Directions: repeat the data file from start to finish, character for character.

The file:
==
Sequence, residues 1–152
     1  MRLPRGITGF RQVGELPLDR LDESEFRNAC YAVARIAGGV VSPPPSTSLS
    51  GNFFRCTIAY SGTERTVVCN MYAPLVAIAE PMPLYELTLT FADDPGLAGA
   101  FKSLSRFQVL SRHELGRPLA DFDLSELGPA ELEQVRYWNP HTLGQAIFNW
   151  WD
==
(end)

Sequence, residues 1–152
     1  MRLPRGITGF RQVGELPLDR LDESEFRNAC YAVARIAGGV VSPPPSTSLS
    51  GNFFRCTIAY SGTERTVVCN MYAPLVAIAE PMPLYELTLT FADDPGLAGA
   101  FKSLSRFQVL SRHELGRPLA DFDLSELGPA ELEQVRYWNP HTLGQAIFNW
   151  WD